Look out for certain travel club pitches and resort promoters - AmericaNowNews.com


Look out for certain travel club pitches and resort promoters

There's an international investigation going after unscrupulous companies that trick people into signing up for vacation clubs and they're warning people don't be the next victim.

The pitch often begins when a guy on the sidewalk hands you a flier to attend a seminar and get a free trip. You go thinking why not, only to walk away having paid fees and the promises aren't what you were expecting.

Who wouldn't want a free or deeply discounted trip to a place like Hawaii right? Well often a free trip is too good to be true and the state says deceptive travel promoters prey on consumers through unsolicited offers, telemarketing and the in person sales pitch.

"High pressure sales where you are stuck in a room and these people are pressuring you to sign documents you have not had a chance to review or think about. Those types of things you want to walk away from. Do your research," said Bruce Kim, the executive director of Hawaii's Office of Consumer Protection.

Twenty-eight states, eight countries and the Federal Trade Commission are looking to stop what they call unscrupulous companies that have scammed people out of time and money.

"It's a widespread investigation that resulted in over 80 civil enforcement actions and close to 60 criminal indictments, this is how serious this problem is," said Kim.

The Better Business Bureau agrees people should look up companies to see if there are complaints. If the company doesn't let you review information that's another red flag. And beware because after you do sign up for travel clubs there can be so many restrictions you may never get to use what was promised.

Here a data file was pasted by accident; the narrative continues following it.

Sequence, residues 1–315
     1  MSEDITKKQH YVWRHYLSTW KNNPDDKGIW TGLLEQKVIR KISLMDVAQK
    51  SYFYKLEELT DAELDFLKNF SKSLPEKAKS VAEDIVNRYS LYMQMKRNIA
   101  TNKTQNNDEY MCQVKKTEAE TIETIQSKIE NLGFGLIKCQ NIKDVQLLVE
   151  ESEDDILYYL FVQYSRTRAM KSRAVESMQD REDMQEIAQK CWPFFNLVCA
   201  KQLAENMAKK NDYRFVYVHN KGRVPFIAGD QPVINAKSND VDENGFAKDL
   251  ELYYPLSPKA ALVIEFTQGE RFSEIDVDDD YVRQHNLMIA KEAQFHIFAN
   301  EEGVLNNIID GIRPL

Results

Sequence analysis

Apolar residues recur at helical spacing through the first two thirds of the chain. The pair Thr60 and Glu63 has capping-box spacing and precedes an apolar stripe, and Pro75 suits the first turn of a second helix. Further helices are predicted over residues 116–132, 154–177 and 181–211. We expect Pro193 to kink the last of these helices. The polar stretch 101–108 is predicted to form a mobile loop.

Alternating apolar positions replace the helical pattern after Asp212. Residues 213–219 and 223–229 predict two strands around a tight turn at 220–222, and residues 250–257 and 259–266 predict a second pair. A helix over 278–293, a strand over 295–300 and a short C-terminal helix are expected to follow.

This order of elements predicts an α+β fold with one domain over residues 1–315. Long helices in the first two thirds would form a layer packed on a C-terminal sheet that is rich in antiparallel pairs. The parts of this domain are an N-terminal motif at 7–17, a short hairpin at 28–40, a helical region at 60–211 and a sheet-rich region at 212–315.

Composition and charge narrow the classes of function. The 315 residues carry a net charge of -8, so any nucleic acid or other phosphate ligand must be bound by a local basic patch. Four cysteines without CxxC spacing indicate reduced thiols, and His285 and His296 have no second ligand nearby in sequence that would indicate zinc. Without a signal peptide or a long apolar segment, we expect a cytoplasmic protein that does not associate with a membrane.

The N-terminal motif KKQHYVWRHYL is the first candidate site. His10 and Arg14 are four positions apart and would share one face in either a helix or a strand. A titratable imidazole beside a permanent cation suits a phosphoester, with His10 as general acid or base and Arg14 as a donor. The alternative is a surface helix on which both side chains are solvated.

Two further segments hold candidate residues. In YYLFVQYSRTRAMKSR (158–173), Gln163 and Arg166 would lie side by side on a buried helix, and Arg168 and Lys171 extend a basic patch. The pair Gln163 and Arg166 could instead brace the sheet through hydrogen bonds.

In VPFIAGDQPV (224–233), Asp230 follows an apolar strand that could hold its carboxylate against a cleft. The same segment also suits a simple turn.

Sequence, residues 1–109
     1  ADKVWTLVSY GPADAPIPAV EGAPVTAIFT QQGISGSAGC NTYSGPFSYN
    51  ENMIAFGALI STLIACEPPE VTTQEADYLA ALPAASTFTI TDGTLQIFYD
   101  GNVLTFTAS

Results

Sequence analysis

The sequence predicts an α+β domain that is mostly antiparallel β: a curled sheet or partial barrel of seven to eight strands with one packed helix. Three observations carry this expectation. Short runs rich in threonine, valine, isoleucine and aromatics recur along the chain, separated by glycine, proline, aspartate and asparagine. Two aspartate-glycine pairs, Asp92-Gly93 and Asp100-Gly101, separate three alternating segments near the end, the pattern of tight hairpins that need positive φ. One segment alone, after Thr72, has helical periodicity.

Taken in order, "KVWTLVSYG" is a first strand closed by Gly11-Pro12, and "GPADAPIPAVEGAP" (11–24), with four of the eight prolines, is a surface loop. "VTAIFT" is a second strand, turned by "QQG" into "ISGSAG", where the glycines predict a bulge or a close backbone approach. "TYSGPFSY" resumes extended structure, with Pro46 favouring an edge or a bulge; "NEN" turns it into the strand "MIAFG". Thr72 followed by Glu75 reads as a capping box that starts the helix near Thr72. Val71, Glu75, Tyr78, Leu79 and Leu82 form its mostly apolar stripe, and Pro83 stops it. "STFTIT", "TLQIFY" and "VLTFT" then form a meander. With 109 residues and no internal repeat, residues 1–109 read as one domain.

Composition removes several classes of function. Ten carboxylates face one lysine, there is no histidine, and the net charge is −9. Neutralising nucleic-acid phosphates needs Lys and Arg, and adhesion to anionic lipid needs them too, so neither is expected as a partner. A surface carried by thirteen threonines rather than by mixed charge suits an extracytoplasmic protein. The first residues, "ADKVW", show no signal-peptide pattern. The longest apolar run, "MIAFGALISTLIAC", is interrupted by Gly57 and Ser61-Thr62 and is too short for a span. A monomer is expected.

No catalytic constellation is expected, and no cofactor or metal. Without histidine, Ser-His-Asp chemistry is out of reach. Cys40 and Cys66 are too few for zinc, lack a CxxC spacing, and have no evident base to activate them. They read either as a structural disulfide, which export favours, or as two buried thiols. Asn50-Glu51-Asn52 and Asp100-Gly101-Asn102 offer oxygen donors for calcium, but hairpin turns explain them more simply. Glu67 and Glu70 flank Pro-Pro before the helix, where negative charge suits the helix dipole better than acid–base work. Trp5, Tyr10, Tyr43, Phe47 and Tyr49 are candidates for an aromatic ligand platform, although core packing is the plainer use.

"The consumer is going to have to jump over mountains to actually make good on the free ticket they received," said Tim Caminos with the Better Business Bureau. "After you take away all the restrictions there may be only 4 or 5 days a year you can travel."

They say the safer option is to use a travel agent or online travel sites that won't charge you high fees.

"You can definitely sit through a free meeting, you can get a free gift but before you make any large decisions, especially when dealing with a lot of money, just take your time, sleep on it, do your homework and if it's something you really want to do, go ahead and do it," said Caminos.

If you do go to a meeting and sign up for a high priced package, in many cases, you have a three day cancellation period to change your mind.

You can check out a company online with the Better Business Bureau by clicking here.

Copyright 2013 America Now. All rights reserved.

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